Barry Sheridan
Reply to  Mike Jonas
November 8, 2022 12:40 am

At least she showed some sign of reality, interesting how long it was before the banking cartel had her turfed out.

M Courtney
Reply to  Barry Sheridan
November 8, 2022 3:33 am

She announced unfunded tax cuts and stated that these would stuimulate economic growth in order to pay for themselves.
Economic illteracy. Tax cuts for the rich are less stimulating than tax cuts for the poor as the poor need to spend the money – they can’t hoard it. Even worse, the implication was that there would be cuts (YES, CUTS) to public services thus suppressing the economy even further.
Thatcherism needs massive cash injections to prevent bankruptcy. In the ’80s we had North Sea Oil and we still needed to sell off publically owned industries to keep the ship afloat. Temporarily. High inflation and high unemployent hit at once. The north has still not recovered outside of the largest cities.
You can’t buck the market with voodoo economics.
She had no grip on reality and bankrupted the country in 5 weeks. She only took that long as she was held up by the Queen’s funeral.

Reply to  M Courtney
November 8, 2022 6:52 am

Speaking of economic illiteracy, here comes our favorite socialist.

Tax cuts can and do pay for themselves through stimulating the economy. The higher the current tax burden, the greater this stimulating affect is.

And despite what you have been taught to believe, it is tax cuts to the rich that stimulate the economy the most. The reason for this is quite simple, once you abandon your socialist inspired hatred. Taxes decrease the incentive to invest. Lowering tax rates increases investment. Without investment there are no jobs and no good for the poor.

Spending does not boost the economy, never has, never will. If it did, direct government spending would have ensured that there were never any recessions.

Reply to  MarkW
November 8, 2022 10:35 am

A couple points you missed, Mark – When the rich are highly taxed, they hire accountants to find ways to avoid paying, but when those taxes are cut, it isn’t worth the cost and effort to avoid paying taxes and they end up actually paying more tax.

Also the poor are taxed so low that cutting them has no effect. Many of the poor pay no net taxes so there’s nothing to cut, and many others are already getting more from government than they pay.

Reply to  Geoffrey Williams
November 8, 2022 10:41 am

Rishi appears to have succumbed to the narrative that so many Conservative leaders fall victim to – that in order for a Conservative to win votes he/she must move the party leftward. It’s a suicidal move that they’re blind to. He’s signed the death warrant for his party, and when the UK falls under the thumb of the Labour Party and its massive majority, the Brits will suffer far more.

Chris Norman
Reply to  Geoffrey Williams
November 8, 2022 2:34 pm

Have you brits any idea how like Tony Blair this man sounds.

Reply to  Geoffrey Williams
November 9, 2022 6:26 am

They’ve obtained Harry Potter’s wand

Joseph Zorzin
November 7, 2022 10:51 pm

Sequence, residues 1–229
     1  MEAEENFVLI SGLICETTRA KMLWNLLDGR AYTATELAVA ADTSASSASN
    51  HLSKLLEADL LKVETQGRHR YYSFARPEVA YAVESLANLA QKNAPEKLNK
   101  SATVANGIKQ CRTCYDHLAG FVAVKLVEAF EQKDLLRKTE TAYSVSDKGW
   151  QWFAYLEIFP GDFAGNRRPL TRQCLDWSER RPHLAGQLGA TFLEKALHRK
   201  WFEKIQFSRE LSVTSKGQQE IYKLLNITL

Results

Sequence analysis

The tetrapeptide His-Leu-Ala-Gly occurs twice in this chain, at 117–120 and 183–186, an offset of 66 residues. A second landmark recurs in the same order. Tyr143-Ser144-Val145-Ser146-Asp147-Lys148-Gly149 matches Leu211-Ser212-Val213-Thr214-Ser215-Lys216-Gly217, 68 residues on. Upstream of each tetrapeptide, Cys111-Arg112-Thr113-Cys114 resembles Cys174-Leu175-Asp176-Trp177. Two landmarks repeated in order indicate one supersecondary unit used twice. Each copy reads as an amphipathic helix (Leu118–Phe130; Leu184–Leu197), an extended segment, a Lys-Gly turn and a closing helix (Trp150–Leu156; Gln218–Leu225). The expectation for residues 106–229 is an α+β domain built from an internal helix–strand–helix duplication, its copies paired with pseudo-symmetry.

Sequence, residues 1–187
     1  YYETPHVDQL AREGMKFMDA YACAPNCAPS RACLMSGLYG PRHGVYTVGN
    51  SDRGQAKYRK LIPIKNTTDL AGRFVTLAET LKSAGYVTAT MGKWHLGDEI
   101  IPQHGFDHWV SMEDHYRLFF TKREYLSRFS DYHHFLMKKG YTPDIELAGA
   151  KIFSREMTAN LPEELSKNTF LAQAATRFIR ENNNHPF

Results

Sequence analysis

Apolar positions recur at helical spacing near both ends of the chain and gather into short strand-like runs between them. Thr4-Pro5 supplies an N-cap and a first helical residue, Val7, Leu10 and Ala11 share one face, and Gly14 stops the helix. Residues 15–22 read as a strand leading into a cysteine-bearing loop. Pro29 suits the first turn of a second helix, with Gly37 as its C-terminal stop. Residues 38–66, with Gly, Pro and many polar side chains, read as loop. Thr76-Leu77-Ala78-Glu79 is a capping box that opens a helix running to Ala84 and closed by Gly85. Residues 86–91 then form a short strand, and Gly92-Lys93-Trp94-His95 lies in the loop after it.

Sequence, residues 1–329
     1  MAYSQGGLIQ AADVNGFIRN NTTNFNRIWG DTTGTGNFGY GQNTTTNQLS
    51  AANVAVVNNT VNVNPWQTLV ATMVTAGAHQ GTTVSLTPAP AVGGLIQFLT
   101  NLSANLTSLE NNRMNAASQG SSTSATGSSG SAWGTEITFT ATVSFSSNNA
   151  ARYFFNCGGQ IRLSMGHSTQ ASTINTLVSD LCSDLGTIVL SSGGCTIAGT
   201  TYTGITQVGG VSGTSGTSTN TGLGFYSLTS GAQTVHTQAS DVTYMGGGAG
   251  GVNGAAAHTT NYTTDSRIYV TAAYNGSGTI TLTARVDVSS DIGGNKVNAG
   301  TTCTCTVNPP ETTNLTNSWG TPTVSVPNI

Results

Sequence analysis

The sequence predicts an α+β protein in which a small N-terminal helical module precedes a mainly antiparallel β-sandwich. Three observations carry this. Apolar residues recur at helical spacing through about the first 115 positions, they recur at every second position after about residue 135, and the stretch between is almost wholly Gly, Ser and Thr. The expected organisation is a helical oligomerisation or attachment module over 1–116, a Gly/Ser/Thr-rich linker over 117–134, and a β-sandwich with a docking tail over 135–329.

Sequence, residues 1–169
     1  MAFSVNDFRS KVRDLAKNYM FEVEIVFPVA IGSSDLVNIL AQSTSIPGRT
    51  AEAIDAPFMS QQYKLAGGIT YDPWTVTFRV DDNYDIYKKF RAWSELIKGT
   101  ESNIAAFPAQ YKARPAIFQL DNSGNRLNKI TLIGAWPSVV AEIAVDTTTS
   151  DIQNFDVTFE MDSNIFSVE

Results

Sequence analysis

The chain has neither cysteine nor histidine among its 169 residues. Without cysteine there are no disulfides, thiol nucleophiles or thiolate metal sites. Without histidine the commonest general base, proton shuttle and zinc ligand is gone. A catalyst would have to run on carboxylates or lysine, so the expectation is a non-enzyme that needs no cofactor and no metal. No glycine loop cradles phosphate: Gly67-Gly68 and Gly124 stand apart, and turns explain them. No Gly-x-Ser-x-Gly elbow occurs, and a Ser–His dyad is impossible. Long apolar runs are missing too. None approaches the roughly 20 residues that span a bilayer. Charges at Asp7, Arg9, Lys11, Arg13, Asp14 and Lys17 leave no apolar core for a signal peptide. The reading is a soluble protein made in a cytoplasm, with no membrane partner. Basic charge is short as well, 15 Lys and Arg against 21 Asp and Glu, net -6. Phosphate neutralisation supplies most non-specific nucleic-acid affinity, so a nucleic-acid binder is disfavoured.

“But he was unable to spell out how developed countries, who in his words had been “unfairly burdened with the carbon debt of richer nations” were going to be supported.”

Every less rich nation has benefited as a result of the advances of the richer nations. We owe no carbon debt- even if such a thing as a carbon debt was real, which it isn’t. If those less rich nations can’t control their populations- and they continue to destroy their forests and build in their wetlands- and continue with corrupt governments, it’s their problem not ours.

Phillip Bratby
Reply to  Joseph Zorzin
November 7, 2022 10:58 pm

We gave the world the benefits of the industrial revolution. They should pay us back with some of the prosperity which the industrial revolution brought around the world (and especially from the Swiss bank accounts of all those 3rd word dictators who have robbed their citizens).

ron long
Reply to  Phillip Bratby
November 8, 2022 1:51 am

They also should thank us for the 10% greening of the planet, leading to increased crop production while consuming less water. Never mind that anthropogenic CO2 contributions are only 3 to 5 % of the total increase, It’s feelings that count, and I’m feeling like reparations are going nowhere.

Tom Abbott
Reply to  Joseph Zorzin
November 8, 2022 6:57 am

“even if such a thing as a carbon debt was real, which it isn’t”

That’s the real problem. Rishi thinks other nations have been damaged due to the CO2 actions/inactions of people in the UK even when there is no evidence that UK CO2 had anything to do with the weather in those nations, or that any CO2 from any nation had anything to do with the way the weather unfolds.

So Rishi is trapped in the false illusion that CO2 is harmful, and proceeds to send UK tax money to people of other nations for no good reason.

Michael Mann must be so proud. Look at how he has turned the world’s elites into blithering idiots when it comes to CO2.

Our gullible/conniving leaders are leading us down the path of destruction with their CO2 fixation.